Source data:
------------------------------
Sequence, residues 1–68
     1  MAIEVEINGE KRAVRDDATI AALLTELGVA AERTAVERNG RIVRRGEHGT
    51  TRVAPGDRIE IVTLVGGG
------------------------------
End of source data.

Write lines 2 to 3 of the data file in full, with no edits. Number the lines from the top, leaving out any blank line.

     1  MAIEVEINGE KRAVRDDATI AALLTELGVA AERTAVERNG RIVRRGEHGT
    51  TRVAPGDRIE IVTLVGGG